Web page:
In 2006, the United Nations conducted the first comprehensive global study of violence against children. The study found corporal punishment is related to a wide range of negative health, developmental and behavioural outcomes, such as poor cognitive development and school achievement, poor mental health and increased antisocial behaviour and aggression. Children who are hit are more likely to hit other children smaller and more vulnerable than themselves, and to grow up to use violence.
Smacking children is deeply embedded in Australian culture – in many cultures. After centuries of unseen and unheard violence, for many of us, to hit children seems normal and culturally acceptable. When asked, even some young people will profess support for corporal punishment. But most do not. As the UN Global Study found,
“Children consistently express the urgent need to stop all this violence. Children testify to the hurt – not only physical, but ‘the hurt inside’ – which violence causes them, compounded by adult acceptance, even approval, of it.”
Change is coming and momentum is growing. Fifty-two countries have prohibited all forms of corporal punishment of children, including in the family. More than half of those ban have occurred in the last 10 years. These countries provide examples of how a ban can work, and allay any concerns. At least 55 more countries are committed to introducing a full ban.
The landmark Campbell & Cosans case in Scotland is a remarkable story of human rights defenders fighting for the rights of children to live free of violence. At the time, the Campbells faced massive opposition. Now, "human rights is mainstream" in the UK. It illustrates how societies can and do change. And cultural change can begin with just one or two people taking a stand. Watch a 19-min documentary about the Campbells' struggle here.
To ban smacking is to recognise children as rights holders and to commit to cultural change.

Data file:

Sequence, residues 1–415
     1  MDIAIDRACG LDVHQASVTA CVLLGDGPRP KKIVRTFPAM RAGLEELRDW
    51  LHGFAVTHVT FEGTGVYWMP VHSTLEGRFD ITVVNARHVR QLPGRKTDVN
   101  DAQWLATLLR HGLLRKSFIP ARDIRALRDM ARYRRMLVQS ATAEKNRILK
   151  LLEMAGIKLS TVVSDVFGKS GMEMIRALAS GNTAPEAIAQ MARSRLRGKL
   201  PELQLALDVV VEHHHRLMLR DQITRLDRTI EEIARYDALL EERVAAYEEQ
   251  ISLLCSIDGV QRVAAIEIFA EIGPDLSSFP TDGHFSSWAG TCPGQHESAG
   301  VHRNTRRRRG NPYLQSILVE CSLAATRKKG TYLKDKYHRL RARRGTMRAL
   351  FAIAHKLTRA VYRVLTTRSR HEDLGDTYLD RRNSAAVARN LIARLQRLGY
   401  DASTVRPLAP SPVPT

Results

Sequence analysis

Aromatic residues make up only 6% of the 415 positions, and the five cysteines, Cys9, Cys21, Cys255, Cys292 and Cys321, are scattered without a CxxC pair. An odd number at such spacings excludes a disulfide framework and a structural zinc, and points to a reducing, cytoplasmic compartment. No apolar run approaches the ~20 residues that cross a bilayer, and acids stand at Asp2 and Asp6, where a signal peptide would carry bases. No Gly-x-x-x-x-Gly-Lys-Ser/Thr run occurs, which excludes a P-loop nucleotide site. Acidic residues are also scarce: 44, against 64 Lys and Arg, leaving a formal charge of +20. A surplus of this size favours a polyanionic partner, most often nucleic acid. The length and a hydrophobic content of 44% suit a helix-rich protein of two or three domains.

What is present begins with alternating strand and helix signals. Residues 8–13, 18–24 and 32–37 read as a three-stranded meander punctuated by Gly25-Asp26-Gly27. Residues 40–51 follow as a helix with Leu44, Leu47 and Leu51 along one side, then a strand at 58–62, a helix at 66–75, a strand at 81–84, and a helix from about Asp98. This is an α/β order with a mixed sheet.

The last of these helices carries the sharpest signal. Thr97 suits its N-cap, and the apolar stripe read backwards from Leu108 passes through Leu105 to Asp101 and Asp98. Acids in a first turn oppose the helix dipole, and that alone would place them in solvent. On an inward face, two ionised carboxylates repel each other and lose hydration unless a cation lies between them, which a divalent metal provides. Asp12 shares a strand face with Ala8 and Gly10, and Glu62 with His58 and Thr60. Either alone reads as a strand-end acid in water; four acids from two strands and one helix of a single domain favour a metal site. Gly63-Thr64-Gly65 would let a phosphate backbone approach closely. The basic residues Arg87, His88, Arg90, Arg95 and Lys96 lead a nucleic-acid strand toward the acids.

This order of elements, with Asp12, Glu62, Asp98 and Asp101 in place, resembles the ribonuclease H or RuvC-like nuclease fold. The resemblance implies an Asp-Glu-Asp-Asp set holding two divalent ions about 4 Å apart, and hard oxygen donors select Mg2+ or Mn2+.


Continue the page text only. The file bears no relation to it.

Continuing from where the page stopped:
Eliminating all violence against children will require both education and prohibition. Educating parents away from something that remains lawful is confusing and difficult. Education is much more effective when it reflects the same message given by the law.
The law is itself a powerful educational tool.
Parents need support and tools to be confident and skilled at disciplining their children without any kind of violence, physical or emotional.
Banning all corporal punishment of children is to affirm children’s rights as equal to any other human being. Violence is not tolerated against elderly people or women or any other adult. Nor should we accept it against children.
Read more: The Global Initiative to End All Corporal Punishment of Children has FAQs about prohibiting all forms of violence against children, available in multiple languages.
 E.T. Gershoff (2002), ‘Corporal punishment by parents and associated child behaviors and experiences: A meta-analytic and theoretical review’, Psychological Bulletin, vol 128(4), pp539-79 <http://www.endcorporalpunishment.org/pages/pdfs/Gershoff-2002.pdf>.
 S. Kirwan & C. Bassett (2008), Presentation to NSPCC: Physical punishment, British Market Research Bureau/National Society for the Prevention of Cruelty to Children.
 S.S. Shergill, P.M. Bays, C.D. Frith & D.M. Wolpert (2003), ‘Two eyes for an eye: The neuroscience of force escalation’, Science, vol 301, p187.